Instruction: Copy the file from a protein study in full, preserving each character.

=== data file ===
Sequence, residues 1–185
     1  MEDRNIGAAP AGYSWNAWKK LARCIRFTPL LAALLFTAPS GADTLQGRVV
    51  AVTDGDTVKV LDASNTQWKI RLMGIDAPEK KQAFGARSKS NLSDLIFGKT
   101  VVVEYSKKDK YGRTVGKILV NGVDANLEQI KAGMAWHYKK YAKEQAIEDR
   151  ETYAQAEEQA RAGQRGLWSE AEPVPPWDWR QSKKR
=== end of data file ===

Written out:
Sequence, residues 1–185
     1  MEDRNIGAAP AGYSWNAWKK LARCIRFTPL LAALLFTAPS GADTLQGRVV
    51  AVTDGDTVKV LDASNTQWKI RLMGIDAPEK KQAFGARSKS NLSDLIFGKT
   101  VVVEYSKKDK YGRTVGKILV NGVDANLEQI KAGMAWHYKK YAKEQAIEDR
   151  ETYAQAEEQA RAGQRGLWSE AEPVPPWDWR QSKKR